This book first came to my attention thanks to a “Big Idea” post on John Scalzi’s blog Whatever. In that post, Dewes explained that the original inspiration for the book came from a single line sung by Johnny Cash in the song “Highwayman.”
“I’ll fly a starship across the universe divide.”
That instantly hooked me because like Dewes I’ve listened to that song many times and thought that there must be a story somewhere in that line. Turns out Dewes found it.
The Last Watch follows a group of Sentinels, soldiers sent to stand guard at the edge of the universe as a punishment. That’s how Adequin got there at least. The other POV character, Cavalon, was once the heir-apparent to one of humanity’s royal houses, THE royal house in fact, or as close to this universe has to one. Forcing him to enlist in the Sentinels was a convenient way to get rid of him.
In a way, both Cavalon and Adequin are out of place in their current posting and are in conflict with each other. At the start, Adequin is trying to beat Cavalon into an acceptable soldier and Cavalon is just trying to be…Cavalon? He really wants to be better he just can’t seem to keep his mouth shut.
Both of them will learn a lot by the end of the book. They accomplish a lot too. In this book, Dewes manages to tell a small story with large implications. I think that’s a skill. We are so used to protagonists with outsized importance. The characters that Dewes created do have a great deal of importance, but they have also been completely relegated to the edges of society. And I mean it when I say edges.
The book’s back cover promised an existential threat that only the Sentinels could avert. It didn’t disappoint. There are a lot of ideas in this book coupled to a lot of fun. The dialogue is great, the ideas are better, and I can’t wait to see what happens in the second book. You should go read it. Right now.
Mystery can be a great driver of plot and a trap at the same time. J.J Abrams is notorious for using this strategy in Lost and blowing it at the end. The problem is if you set up some huge mystery at the beginning of a narrative you better have a satisfying answer to the mystery by the end. Or do you?
I would argue that you don’t. If you do it right.
If you have a great answer to the mystery you present to your audience at the beginning then by all means share it, but if you do you better make sure you are very confident in the answer. Your audience will not thank you if your answer fails to live up to their expectations. Remember how disappointed Spongebob was to find out Patrick has just spent the entire episode hiding the string in his secret box?
I am here to argue that sometimes it’s best to leave mysteries unsolved. There is both terror and wonder in the unknown, that’s part of being human, there’s no reason the stories we tell shouldn’t reflect that.
I am using Dan Simmons as an example here because his 1989 science fiction novel “Hyperion” is fantastic. It’s the kind of “genre fiction” that gets literature snobs to lower their barriers. But I think it would have been better if Simmons had never written a sequel. Let me explain.
Hyperion, unsurprisingly, centers around the planet Hyperion. A planet at the edge of known space, one that is not incorporated into the network of gates that allow instantaneous travel between worlds.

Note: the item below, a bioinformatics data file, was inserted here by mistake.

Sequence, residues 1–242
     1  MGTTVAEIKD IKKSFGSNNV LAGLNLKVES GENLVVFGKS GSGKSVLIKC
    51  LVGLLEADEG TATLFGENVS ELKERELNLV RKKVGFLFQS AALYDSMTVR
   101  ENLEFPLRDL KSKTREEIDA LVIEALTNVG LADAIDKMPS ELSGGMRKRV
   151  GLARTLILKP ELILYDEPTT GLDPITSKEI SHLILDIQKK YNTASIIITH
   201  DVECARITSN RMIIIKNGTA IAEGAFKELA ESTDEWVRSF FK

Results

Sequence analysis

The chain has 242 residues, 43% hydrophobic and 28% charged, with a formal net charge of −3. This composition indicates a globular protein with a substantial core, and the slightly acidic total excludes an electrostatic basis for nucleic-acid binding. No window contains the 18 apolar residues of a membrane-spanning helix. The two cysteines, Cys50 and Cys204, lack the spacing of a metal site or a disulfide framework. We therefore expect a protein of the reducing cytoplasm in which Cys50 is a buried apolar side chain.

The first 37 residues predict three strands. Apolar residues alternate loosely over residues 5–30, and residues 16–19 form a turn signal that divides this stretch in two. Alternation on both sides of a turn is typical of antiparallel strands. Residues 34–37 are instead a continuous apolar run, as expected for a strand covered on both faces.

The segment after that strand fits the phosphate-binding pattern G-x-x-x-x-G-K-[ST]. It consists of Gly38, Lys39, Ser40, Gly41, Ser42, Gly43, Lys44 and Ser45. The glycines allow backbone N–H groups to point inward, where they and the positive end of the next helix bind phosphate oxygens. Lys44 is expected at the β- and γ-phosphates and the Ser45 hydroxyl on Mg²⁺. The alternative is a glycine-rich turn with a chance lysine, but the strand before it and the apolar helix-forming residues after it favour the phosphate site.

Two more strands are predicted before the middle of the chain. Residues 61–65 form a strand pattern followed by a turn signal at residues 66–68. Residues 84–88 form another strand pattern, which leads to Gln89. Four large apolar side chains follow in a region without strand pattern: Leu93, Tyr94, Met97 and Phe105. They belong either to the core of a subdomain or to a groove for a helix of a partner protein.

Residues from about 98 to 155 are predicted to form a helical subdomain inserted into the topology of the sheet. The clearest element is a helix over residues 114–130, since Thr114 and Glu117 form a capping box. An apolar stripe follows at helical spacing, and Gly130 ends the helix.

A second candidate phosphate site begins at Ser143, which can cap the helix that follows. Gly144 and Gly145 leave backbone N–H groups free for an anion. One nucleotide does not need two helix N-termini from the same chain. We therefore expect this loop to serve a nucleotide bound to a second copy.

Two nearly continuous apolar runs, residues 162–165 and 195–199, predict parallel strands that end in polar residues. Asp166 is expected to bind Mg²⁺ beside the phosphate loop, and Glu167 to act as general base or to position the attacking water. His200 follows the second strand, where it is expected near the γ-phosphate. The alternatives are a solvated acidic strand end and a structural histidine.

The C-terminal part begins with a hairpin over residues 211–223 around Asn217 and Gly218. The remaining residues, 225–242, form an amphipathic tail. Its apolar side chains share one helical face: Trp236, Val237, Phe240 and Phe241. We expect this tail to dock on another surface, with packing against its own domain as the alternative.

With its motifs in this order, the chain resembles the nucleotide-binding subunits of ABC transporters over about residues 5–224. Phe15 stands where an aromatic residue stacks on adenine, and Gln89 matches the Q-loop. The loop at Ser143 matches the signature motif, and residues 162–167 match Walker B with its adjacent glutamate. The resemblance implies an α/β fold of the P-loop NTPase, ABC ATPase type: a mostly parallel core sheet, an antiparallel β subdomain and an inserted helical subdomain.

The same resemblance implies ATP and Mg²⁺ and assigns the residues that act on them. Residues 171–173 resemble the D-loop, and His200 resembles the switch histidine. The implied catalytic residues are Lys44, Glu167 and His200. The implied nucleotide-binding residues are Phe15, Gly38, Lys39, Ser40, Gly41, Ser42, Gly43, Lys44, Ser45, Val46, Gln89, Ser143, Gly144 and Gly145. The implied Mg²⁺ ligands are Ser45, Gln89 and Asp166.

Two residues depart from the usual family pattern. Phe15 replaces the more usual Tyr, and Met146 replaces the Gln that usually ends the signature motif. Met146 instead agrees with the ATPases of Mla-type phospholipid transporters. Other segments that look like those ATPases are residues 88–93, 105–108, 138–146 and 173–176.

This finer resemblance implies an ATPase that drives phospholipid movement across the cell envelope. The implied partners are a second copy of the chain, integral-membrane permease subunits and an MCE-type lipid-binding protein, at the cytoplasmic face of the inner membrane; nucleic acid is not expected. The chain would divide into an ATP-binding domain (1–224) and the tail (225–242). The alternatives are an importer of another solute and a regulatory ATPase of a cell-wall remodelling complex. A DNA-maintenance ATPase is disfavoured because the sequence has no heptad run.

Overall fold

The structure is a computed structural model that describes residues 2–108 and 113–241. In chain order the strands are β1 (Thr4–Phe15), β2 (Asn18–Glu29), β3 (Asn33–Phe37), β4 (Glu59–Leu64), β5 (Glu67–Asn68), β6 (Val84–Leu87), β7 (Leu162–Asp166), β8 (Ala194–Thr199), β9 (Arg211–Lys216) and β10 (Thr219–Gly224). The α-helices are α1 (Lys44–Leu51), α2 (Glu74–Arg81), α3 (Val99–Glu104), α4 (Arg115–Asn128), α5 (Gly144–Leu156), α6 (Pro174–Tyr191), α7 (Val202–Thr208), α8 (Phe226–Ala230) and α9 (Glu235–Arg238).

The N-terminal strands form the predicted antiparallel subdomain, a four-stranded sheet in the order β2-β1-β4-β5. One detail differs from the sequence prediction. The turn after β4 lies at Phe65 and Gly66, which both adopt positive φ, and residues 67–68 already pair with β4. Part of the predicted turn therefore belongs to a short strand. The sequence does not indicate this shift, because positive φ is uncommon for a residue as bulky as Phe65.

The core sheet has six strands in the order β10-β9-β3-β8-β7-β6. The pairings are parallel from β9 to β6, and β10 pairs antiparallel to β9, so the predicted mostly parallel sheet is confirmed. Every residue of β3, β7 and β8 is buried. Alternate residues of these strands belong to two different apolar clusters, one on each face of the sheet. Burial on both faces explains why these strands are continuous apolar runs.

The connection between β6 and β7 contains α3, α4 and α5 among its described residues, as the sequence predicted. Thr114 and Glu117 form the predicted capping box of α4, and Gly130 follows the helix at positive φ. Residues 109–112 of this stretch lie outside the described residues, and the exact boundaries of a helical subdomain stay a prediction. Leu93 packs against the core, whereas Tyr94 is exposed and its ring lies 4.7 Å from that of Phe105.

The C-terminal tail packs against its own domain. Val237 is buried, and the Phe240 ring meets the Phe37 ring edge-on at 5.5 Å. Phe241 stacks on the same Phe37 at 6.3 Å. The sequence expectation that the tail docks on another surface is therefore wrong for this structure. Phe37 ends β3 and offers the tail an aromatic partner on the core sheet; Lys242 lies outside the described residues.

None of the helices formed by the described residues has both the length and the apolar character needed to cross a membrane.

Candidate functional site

Traveling to Hyperion means sacrificing a great deal of time and accepting a certain amount of risk. Many accept this because Hyperion is a planet of mysteries. It is one of the labyrinthine worlds, worlds with great labyrinths constructed by unknown aliens. It is also home to the Shrike and the Time Tombs. Both have been sent back in time for an unknown purpose.
One group of humans, the Shrike Church, believe that the Shrike is a punishment for humanity’s sins and traveling willingly on pilgrimages to Hyperion where most of them will be killed in various horrible ways by the Shrike. It’s strange how the bishops never go themselves, isn’t it?
The protagonists of Hyperion have all been selected for what will probably be the last Shrike pilgrimage. At the start of the book, it is stated that the Time Tombs are opening and that a group of transhumans called Ousters are about to attack the planet. There’s not much hope that the planet will hold out either. None of them are members of the Shrike Church, none of them know exactly why they were selected, all of them have their own reasons for accepting the missions.
The book is a futuristic retelling of the Canterbury Tales. In between chapters that narrate their journey to the planet and their attempts to determine who among them might be a spy, they each share their stories about what led them to accept their place on the pilgrimage.
Through their stories and their motivations, Simmons explores imperialism, artistic integrity, betrayal, love, artificial intelligence, technological reincarnation, fatherhood, and many more themes. In some ways, the book is also a love letter to John Keats.
In the end, despite their differences, they joined hands and walked to their fate. Then the book ends. The series should have ended there too.
Instead, Simmons continued to write in this universe, which eventually became the Hyperion Cantos. The second book, The Fall of Hyperion, wasn’t that bad. It largely follows an artificial reincarnation of John Keats and much of the book’s events are told through his experiences. But we also see the POVs of the characters from the first novel. This is where the problem arises.
In writing the second novel Simmons had to explain all of the questions that arose in the first. In doing so he brings up a lot of interesting ideas that were totally unprecedented in the first novel. So instead of leaving the mysteries of the first book as mysteries, he chose to answer them with time-traveling agents from the future and messianic powers that came out of nowhere.